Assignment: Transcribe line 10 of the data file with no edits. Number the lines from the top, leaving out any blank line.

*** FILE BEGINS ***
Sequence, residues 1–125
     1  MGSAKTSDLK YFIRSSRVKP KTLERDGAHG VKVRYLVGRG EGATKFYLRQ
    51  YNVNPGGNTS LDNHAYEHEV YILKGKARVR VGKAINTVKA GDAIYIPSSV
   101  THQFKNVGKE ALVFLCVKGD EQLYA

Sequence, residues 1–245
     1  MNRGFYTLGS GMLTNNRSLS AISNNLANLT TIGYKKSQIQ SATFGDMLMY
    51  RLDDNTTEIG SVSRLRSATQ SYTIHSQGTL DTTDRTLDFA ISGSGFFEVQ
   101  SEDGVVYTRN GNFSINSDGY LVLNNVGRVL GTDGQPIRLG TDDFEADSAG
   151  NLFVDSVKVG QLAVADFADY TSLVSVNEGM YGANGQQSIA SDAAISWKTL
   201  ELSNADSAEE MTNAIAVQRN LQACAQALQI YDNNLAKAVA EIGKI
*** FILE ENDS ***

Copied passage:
   201  ELSNADSAEE MTNAIAVQRN LQACAQALQI YDNNLAKAVA EIGKI